SERIES 4 HAS BEEN FANTASTIC. Honestly, it might be my favorite series to date. I can't wait for the Christmas special!
At the end of Downton Abbey (ITV, Sunday), Lady Mary (Michelle Dockery) gave an enigmatic smile as she walked into the sunset with two of her suitors. This was fitting for an episode in which many of the expected resolutions didn’t happen. Lady Rose (Lily James) did not elope with black jazz singer Jack Ross (Gary Carr); kitchen maid Ivy (Cara Theobold) did not accept dopey former footman Alfred’s (Matt Milne) proposal of marriage; the shadow of the noose did not hang over Bates (Brendan Coyle) as he took his revenge on the rapist Green (Nigel Harman) and no, Lady Mary did not succumb to any of those tall dark handsome gentlemen who had courted her so assiduously. This might seem strange for a show that has consistently crackled with overwrought dramatic resonance. But it worked.
Downton has always operated with a large ensemble cast and multiple plot strands which makes it hard to achieve a satisfactory finale. So all praise to Julian Fellowes for writing something that not only wove together the loose ends but also created a piece of sugar-coated, but ultimately enjoyable, TV.
Those big dramatic moments were sidestepped rather well. Ross’s admission that he wouldn’t marry Lady Rose because he didn’t want to ruin her life was heartbreaking, beautifully judged and acted with fine understatement by Carr. Ivy’s refusal of Alfred’s hand in marriage was sweetly done as both realised it wasn’t meant to be. Add to that the surprisingly complex Daisy’s (Sophie McShera) admission that she had once loved Alfred and that she hoped they would always be friends and you had a strange sort of love triangle, a tribute to the emotional reserve of decades past.
More troubling was the death of Green, presumably at the hand of Bates. The closing ranks of upstairs and downstairs (Lady Mary realised what had happened) was touching in its avowal of loyalty, but the conclusion that he probably deserved it will have made many viewers feel uncomfortable, even if he was a monster. There again, Bates is a tragic hero and like all tragic heroes he will never be allowed to rest. Heaven knows what Fellowes has in store for this luckless valet.
The episode also set up some promising new storylines. Branson (Allen Leech), rather a minor player this series, was encouraged to attend a socialist meeting in Thirsk by the deliciously subversive Cousin Isobel (Penelope Wilton). Later, he met teacher Sarah Bunting (Daisy Lewis), a doe-eyed, pocket-sized firebrand with a contempt for the old order. “Are they not taking advantage?” asked Sarah, her hands clasped suggestively around a jar of gobstoppers as Branson was made to work like a packhorse at the Downton fete. Romance seemed possible for Isobel, too, in the form of Lord Merton (Douglas Reith), a crashing bore according to the Dowager Countess (Maggie Smith), but in truth rather a sensitive soul who might just lift Isabel from her continued grief.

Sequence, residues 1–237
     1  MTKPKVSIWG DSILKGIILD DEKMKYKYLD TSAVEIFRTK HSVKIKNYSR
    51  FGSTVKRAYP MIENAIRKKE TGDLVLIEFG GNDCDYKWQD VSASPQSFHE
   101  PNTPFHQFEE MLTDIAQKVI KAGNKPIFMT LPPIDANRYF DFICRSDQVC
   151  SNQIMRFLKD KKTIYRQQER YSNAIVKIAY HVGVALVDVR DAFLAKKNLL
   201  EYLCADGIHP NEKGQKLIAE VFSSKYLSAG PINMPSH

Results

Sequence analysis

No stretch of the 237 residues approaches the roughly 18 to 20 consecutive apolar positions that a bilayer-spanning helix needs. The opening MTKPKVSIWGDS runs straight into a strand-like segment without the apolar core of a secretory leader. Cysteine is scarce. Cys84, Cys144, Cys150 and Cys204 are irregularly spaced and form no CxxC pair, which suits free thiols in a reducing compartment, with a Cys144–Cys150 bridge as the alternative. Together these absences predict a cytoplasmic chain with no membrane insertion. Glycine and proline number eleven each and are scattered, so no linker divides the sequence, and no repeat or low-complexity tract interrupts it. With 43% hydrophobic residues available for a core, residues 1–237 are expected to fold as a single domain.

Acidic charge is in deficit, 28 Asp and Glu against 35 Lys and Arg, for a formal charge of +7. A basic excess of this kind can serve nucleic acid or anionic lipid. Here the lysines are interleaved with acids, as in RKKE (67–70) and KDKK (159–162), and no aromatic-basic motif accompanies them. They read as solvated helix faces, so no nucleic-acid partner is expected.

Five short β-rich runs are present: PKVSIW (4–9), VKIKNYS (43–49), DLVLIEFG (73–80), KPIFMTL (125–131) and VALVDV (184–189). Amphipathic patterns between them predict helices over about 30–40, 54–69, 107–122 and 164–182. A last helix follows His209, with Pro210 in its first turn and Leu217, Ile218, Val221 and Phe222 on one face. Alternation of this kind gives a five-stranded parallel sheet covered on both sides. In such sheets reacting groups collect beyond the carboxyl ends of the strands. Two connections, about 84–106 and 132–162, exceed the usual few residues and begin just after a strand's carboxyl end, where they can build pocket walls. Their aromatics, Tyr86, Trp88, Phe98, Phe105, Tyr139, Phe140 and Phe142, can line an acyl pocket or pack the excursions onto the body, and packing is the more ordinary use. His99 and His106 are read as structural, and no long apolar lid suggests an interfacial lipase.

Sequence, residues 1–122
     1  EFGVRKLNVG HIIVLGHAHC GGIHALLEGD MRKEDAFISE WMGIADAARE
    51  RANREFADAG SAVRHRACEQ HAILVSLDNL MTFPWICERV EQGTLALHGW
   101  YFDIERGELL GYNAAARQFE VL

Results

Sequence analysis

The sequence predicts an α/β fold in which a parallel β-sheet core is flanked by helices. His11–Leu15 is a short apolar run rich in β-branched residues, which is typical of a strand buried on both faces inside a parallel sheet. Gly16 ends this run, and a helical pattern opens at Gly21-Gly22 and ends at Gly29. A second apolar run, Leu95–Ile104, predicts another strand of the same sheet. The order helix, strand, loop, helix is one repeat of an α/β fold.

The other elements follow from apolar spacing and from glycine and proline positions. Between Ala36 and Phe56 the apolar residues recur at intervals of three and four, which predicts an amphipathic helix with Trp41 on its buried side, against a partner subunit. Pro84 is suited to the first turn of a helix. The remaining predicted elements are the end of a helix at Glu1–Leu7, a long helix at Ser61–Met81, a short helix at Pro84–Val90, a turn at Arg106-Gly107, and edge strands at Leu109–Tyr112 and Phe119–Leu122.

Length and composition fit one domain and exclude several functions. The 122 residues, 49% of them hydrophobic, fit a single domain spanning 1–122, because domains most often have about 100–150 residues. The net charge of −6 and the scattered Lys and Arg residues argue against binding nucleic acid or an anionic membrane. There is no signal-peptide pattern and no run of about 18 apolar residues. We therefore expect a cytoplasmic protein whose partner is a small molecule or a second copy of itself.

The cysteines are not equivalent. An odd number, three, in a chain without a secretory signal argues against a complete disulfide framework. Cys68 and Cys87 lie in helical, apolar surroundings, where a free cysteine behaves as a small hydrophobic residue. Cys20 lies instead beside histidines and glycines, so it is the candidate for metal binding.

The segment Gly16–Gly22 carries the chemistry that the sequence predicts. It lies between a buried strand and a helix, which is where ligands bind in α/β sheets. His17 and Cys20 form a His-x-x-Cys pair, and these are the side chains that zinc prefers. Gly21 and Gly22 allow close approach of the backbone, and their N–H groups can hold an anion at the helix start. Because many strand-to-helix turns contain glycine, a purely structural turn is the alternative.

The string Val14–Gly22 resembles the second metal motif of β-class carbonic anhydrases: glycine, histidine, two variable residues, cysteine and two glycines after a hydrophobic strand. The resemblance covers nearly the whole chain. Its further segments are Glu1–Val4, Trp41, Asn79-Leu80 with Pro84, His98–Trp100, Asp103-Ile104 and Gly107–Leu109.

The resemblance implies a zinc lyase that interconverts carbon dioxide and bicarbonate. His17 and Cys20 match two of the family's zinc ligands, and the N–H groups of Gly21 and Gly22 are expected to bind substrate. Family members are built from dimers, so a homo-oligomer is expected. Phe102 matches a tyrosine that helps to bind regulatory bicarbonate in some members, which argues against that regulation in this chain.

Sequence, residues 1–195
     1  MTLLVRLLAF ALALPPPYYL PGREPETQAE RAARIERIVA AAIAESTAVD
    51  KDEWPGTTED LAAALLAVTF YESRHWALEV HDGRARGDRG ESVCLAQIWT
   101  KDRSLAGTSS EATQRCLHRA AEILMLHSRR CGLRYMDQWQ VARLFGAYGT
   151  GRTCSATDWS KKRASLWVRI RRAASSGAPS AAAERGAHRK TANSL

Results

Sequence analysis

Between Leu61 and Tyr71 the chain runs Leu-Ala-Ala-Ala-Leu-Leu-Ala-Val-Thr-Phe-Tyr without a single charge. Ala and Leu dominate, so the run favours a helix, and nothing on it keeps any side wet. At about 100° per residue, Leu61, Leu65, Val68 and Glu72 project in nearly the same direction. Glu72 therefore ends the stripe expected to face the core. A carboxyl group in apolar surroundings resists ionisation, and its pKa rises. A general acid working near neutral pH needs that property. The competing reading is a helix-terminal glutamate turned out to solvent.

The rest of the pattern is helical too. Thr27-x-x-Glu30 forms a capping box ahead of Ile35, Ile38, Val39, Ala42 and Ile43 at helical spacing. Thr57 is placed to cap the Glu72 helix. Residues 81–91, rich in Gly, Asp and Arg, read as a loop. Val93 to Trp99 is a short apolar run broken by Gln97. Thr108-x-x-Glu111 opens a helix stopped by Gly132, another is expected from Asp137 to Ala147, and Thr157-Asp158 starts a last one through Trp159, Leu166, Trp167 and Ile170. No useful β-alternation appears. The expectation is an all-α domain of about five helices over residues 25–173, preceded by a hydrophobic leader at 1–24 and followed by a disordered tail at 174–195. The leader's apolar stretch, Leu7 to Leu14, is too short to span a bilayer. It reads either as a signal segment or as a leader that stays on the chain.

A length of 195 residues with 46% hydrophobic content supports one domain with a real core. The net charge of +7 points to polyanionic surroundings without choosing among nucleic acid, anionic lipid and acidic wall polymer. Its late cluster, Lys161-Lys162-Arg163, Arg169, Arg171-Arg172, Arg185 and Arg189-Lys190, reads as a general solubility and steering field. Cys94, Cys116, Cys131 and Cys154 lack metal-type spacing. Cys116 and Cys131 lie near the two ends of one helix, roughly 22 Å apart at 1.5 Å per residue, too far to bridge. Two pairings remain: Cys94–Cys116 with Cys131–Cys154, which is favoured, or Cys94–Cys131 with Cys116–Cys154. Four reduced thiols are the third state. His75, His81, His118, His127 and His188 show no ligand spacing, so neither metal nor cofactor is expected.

Most characters managed to grab their moment of glory. Special mention to the excellent Kevin Doyle whose portrayal of the bowed but unbroken Molesley managed to convey both a hilarious haplessness and the woes of a man whose existence consisted of a series of disappointments. “Life kicks the stuffing out of you sometimes,” he said at one point, and the understatement of Doyle’s delivery was devastatingly effective.
Some broadsheet critics are unreservedly sniffy about Downton Abbey. It’s true that it’s not perfect. There is too much reliance on coincidence (Branson’s discovery of Lady Rose and Jack Carr’s secret meeting), the dialogue continues to lapse into occasional anachronism (“You can say that again!”) and some storylines seem to have barely left the development stage (the idea that Lady Edith would run off to Switzerland with Cousin Rosamund in order to have her baby). But it is unfair to apply harsh rules of cultural erudition to what is mainstream entertainment. And in any case, the Switzerland stuff prompted some hilarious dialogue – “Can you really afford to spend four months reading novels in the Alps?”
It is surely easier to create a highbrow drama that pleases a small elite or a piece of trash that relies on shock tactics. The hardest job for a dramatist is to write something that is populist but also offers some shards of sophistication and therefore appeals to a wide demographic. It seems that, four series in and after many inconsistencies, Julian Fellowes has finally achieved that.
Sooooo, what did you guys think of the episode? What did you think of series 4 as a whole? Personally, this episode was great, but I think there was quite a bit of set up for the Christmas special in addition to typing up some loose ends. And I LOOOOVED series 4.